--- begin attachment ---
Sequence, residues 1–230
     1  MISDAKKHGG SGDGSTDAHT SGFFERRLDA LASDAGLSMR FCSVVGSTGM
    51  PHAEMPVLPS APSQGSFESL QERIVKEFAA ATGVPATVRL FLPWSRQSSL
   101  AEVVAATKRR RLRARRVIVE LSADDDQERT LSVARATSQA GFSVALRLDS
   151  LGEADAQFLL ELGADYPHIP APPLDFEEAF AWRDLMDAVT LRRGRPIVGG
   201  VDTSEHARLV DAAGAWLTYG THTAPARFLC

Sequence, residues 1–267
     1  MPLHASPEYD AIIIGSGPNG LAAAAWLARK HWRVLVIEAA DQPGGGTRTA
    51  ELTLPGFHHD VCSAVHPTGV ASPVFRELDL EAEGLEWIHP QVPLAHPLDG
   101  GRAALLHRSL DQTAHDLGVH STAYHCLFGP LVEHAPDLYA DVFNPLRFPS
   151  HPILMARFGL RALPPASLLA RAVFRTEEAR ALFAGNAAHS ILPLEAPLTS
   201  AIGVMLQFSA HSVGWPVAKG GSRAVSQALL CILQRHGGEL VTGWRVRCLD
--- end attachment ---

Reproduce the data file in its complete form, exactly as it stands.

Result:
Sequence, residues 1–230
     1  MISDAKKHGG SGDGSTDAHT SGFFERRLDA LASDAGLSMR FCSVVGSTGM
    51  PHAEMPVLPS APSQGSFESL QERIVKEFAA ATGVPATVRL FLPWSRQSSL
   101  AEVVAATKRR RLRARRVIVE LSADDDQERT LSVARATSQA GFSVALRLDS
   151  LGEADAQFLL ELGADYPHIP APPLDFEEAF AWRDLMDAVT LRRGRPIVGG
   201  VDTSEHARLV DAAGAWLTYG THTAPARFLC

Sequence, residues 1–267
     1  MPLHASPEYD AIIIGSGPNG LAAAAWLARK HWRVLVIEAA DQPGGGTRTA
    51  ELTLPGFHHD VCSAVHPTGV ASPVFRELDL EAEGLEWIHP QVPLAHPLDG
   101  GRAALLHRSL DQTAHDLGVH STAYHCLFGP LVEHAPDLYA DVFNPLRFPS
   151  HPILMARFGL RALPPASLLA RAVFRTEEAR ALFAGNAAHS ILPLEAPLTS
   201  AIGVMLQFSA HSVGWPVAKG GSRAVSQALL CILQRHGGEL VTGWRVRCLD